- 03-08-2005, 08:14 PM
How often is it safe to stretch? I need to start keeping my legs extremely loose and I was thinking of stretching twice a day. Once in the morning and once at night (the legs that is) and on leg day I will stretch them preworkout and then really hard post workout. Would this be beneficial or too much?
- 04-21-2005, 05:54 AM
Originally Posted by LakeMountD
- 04-21-2005, 07:12 AM
Here's a quick write up I found on stretching.
Stretching What is it good for?
1. Keeps muscles supple
2. Prepares you for movement
3. Helps to reduce strain when you are active
4. Helps to maintain your range of motion
5. Reduces your chance of injury -- A strong pre-stretched muscle resists stress better than a strong, unstretched muscle.
6. Reduces tension
7. Develops body awareness
8. Promotes circulation
9. Feels good
A Few Points
1. Stretching should never "hurt" or be "painful"
2. It should feel good
3. Do not push the limits
4. Always think of your underlying condition or injury
5. Consistency is the Key
6. It is very individualized and specific; therefore you're able to modify
7. Warmed up muscles respond more favorably than cold ones due.
Reduce muscular tension therefore improving flexibility and range of motion and eventually promoting freer movement.
Attain extreme flexibility which may lead to injury or overstretching.
When to Stretch
1. In the morning before you start your day
2. Before and after exercise
3. After prolong static positions
4. If you feel stiff
5. At work to release tension
The Stretch Reflex
Stretching to far or bouncing causes the muscle and its unit fibers to contract and tighten. This will result in damage to the muscle causing tearing of the fibers eventually leading to pain, soreness, tightness, and potential dysfunction.
Goal: "To improve range of motion at a given articulation by altering the extensibility of the musculotendinous units that produce movement at that joint"
Agonist VS Antagonist
Synergistic muscle groups balance in strength and flexibility needs to be there for normal, smooth, coordinated movements as well as for reducing the possibility of muscle strain caused by muscular imbalance.
The oldest form of stretching
Repetitive contractions of the agonist muscle are used to produce quick stretches of the antagonist muscle.
Safety factor - Uncontrolled forces within the muscle may cause micro tears.
If used it should come after static stretching and more closely resemble dynamic (sport specific) activity.
Never used in rehabilitation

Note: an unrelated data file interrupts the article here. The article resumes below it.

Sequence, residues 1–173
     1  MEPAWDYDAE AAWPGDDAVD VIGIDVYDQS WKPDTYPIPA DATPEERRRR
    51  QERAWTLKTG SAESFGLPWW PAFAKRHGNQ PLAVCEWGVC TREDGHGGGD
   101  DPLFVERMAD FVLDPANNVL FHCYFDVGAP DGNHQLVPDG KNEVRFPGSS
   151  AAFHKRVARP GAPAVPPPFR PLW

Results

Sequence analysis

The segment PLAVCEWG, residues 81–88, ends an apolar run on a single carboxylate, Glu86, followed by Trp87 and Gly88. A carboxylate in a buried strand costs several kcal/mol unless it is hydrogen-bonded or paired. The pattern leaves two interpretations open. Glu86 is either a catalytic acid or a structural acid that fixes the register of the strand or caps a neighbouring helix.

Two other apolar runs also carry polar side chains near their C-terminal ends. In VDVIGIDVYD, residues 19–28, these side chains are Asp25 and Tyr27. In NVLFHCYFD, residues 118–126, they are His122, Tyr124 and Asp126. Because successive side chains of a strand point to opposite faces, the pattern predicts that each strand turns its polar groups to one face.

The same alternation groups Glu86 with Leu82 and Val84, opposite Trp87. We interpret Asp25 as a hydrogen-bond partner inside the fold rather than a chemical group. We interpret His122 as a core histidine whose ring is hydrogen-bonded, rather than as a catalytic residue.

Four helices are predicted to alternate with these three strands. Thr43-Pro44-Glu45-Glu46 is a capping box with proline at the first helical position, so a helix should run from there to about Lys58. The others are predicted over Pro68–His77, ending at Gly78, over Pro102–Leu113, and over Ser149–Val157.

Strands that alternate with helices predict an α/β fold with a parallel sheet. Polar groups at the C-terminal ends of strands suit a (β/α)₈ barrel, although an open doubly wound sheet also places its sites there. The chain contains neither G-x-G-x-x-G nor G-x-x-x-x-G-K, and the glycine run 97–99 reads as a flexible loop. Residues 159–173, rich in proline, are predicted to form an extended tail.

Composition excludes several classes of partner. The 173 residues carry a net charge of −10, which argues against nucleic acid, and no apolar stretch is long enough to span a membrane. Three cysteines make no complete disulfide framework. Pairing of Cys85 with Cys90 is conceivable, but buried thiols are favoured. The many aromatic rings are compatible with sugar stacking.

More popular and safer, less danger of injury no partner needed
Passive stretching a specific antagonist muscle by placing it in a maximal position and holding it for an extended amount of time, 30-60 seconds
Time varies in literature 3-60 seconds
Optimal 15-30 seconds initially and 30-60 seconds eventually as long as there is no pain or soreness.
Optimal number of reps 3-5
1-3 times a day depending on the severity of restriction or dysfunction.
PNF (Proprioceptive Neuromuscular Facilitation)
Based on neurophysiological principles
Contract-Relax and Hold Relax (slow reversal-hold- relax)
Involve a combination of alternating isometric or isotonic contraction and relaxation of both the agonist and antagonist muscles.
Requires a Partner
7-10 second contraction followed by a 10-12 second relaxing phase
Capable of producing greater gains in flexibility when compared with other techniques over an extended training period.
Principles of Stretching
1. All stretches should be held for 30 seconds and done twice to each extremity or side.
2. Alternate the stretches to allow for proper rest periods.
3. Never bounce while stretching.
4. Proper form is essential for effective stretching.
04-21-2005, 09:23 AM
PNF is the best if you can find somebody who is really good at it..Lake, is this for football?
I ask b/c I've read some stuff lately that certain types of stretching are now being found to show a decrease in anaerobic power/explosive movements. I'll see what I can find.
04-22-2005, 03:42 PM
Originally Posted by DieTrying
natedogg- very good post,thanks for that
dietrying- yes this is for football, i know staying stretched can lead to a more free range of motion which can ultimately lead to less injury and longer strides, etc. let me know if you find that article
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